Named cultivars include:
- 'Alba', a white-flowered cultivar
- 'Aurea', golden sage
- 'Berggarten', a cultivar with large leaves, which rarely blooms, extending the useful life of the leaves
- 'Extrakta', has leaves with higher oil concentrations
- 'Icterina', a cultivar with yellow-green variegated leaves
- 'Lavandulaefolia', a small leaved cultivar
- 'Purpurascens' ('Purpurea'), a purple-leafed cultivar
- 'Tricolor', a cultivar with white, purple and green variegated leaves
- Harrison, Lorraine (2012). RHS Latin for gardeners. United Kingdom: Mitchell Beazley. p. 224. ISBN 9781845337315.
- Clebsch, Betsy; Carol D. Barner (2003). The New Book of Salvias. Timber Press. p. 216. ISBN 978-0-88192-560-9.
- Stearn, William T. (2004). Botanical Latin. Timber Press (OR). p. 456. ISBN 978-0-88192-627-9.
- Sutton, John (2004). The Gardener's Guide to Growing Salvias. Workman Publishing Company. p. 17. ISBN 978-0-88192-671-2.
- Olsen, RW (25 April 2000). "Absinthe and gamma-aminobutyric acid receptors". Proceedings of the National Academy of Sciences of the United States of America. 97 (9): 4417–8. Bibcode:2000PNAS...97.4417O. doi:10.1073/pnas.97.9.4417. PMC 34311. PMID 10781032.
- Greer, John Michael (2017). The Encyclopedia of Natural Magic (First ed.). Woodbury, MN: Llewellyn Publications. p. 185. ISBN��9780738706740.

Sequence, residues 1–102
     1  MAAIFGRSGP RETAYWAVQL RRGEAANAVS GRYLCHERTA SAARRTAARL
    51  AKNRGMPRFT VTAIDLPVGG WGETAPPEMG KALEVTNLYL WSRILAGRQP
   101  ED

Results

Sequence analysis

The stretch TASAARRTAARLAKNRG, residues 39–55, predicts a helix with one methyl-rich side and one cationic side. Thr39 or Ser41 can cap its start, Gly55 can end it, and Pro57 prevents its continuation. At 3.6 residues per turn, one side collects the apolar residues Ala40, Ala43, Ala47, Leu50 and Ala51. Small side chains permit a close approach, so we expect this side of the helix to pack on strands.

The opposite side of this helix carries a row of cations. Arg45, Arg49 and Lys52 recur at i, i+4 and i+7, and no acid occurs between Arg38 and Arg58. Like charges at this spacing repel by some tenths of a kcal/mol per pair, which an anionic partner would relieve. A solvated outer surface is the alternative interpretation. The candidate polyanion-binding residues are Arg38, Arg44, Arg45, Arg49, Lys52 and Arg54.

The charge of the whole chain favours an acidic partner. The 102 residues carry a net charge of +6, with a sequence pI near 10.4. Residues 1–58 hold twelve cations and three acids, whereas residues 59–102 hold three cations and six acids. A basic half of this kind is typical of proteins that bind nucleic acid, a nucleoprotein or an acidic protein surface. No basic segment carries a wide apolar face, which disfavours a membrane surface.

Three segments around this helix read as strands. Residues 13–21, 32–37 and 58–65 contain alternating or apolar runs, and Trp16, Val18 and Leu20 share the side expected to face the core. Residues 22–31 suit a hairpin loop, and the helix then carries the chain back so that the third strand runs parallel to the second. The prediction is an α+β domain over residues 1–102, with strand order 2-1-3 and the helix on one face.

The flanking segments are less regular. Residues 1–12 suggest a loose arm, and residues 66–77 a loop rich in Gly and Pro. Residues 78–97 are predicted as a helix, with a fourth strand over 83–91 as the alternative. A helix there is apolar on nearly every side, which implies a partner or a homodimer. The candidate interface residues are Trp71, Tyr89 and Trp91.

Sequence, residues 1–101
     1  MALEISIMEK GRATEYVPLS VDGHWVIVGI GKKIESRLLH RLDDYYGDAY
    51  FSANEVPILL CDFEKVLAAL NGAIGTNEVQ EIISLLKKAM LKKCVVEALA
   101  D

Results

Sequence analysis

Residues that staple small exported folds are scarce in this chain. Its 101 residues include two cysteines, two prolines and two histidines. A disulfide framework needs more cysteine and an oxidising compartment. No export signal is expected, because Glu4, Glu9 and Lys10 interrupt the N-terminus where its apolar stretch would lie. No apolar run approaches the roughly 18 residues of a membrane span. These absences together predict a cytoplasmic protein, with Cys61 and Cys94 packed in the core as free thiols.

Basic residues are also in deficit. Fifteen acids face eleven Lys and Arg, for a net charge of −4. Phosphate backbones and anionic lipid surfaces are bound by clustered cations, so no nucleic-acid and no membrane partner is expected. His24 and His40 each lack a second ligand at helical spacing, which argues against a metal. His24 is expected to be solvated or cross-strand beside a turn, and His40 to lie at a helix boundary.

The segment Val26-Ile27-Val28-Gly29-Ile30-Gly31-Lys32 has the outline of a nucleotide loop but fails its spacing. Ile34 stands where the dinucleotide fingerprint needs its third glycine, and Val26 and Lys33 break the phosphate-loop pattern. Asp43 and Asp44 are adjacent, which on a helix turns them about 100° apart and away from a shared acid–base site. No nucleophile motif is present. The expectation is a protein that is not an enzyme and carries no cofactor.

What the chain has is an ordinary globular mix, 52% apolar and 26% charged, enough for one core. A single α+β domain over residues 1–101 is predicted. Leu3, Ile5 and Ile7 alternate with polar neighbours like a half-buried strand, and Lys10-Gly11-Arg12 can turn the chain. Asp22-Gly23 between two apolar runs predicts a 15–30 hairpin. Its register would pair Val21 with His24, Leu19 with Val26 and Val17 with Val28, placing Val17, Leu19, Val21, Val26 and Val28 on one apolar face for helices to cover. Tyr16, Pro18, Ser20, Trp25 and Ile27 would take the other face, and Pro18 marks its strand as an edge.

- Watters, L. L. (1901). An Analytical Investigation of Garden Sage (Salvia officinalis, Linne). New York: Columbia University.
- Kintzios, Spiridon E. (2000). Sage: The Genus Salvia. CRC Press. pp. 10–11. ISBN 978-90-5823-005-8.
- An Anglo-Saxon manuscript read "Why should man die when he has sage?" Kintzios, p. 10
- "Le Menagier de Paris". Hinson, Janet, translator. 1393.CS1 maint: others (link)
- Grieve, Maud (1971). A Modern Herbal: The Medicinal, Culinary, Cosmetic and Economic Properties, Cultivation and Folk-lore of Herbs, Grasses, Fungi, Shrubs, & Trees with All Their Modern Scientific Uses, Volume 2.
- Markham, Gervase (1615). The English House-wife.
- Le Viandier de Taillevent: 14th Century Cookery, Based on the Vatican Library Manuscript. Translated by Prescott, James. Eugene, Oregon: Alfarhaugr Publishing Society. 1989. p. 27. ISBN 978-0-9623719-0-5.
- "Sage". OBeWise Nutriceutica. Applied Health. Archived from the original on November 26, 2007. Retrieved 2008-02-04.
- Miroddi M, Navarra M, Quattropani MC, Calapai F, Gangemi S, Calapai G (2014). "Systematic review of clinical trials assessing pharmacological properties of Salvia species on memory, cognitive impairment and Alzheimer's disease". CNS Neurosci Ther. 20 (6): 485–95. doi:10.1111/cns.12270. PMC 6493168. PMID 24836739.
- Lopresti AL (2017). "Salvia (Sage): A Review of its Potential Cognitive-Enhancing and Protective Effects". Drugs in R&D. 17 (1): 53–64. doi:10.1007/s40268-016-0157-5. PMC 5318325. PMID 27888449.
- "RHS Plant Selector - Salvia officinalis 'Icterina'". Retrieved 26 July 2013.
- "RHS Plant Selector - Salvia officinalis 'Purpurascens'". Retrieved 2 June 2013.
- "AGM Plants - Ornamental" (PDF). Royal Horticultural Society. July 2017. p. 94. Retrieved 12 October 2018.
|Wikimedia Commons has media related to Salvia officinalis.|
- American Botanical Council
- Historical medicinal use: from botanical.com
- Salvia officinalis Israel Native Plants
- Ghorbani, Ahmad; Esmaeilizadeh, Mahdi (October 2017). "Pharmacological properties of Salvia officinalis and its components". Journal of Traditional and Complementary Medicine. 7 (4): 433–440. doi:10.1016/j.jtcme.2016.12.014. PMC 5634728. PMID 29034191.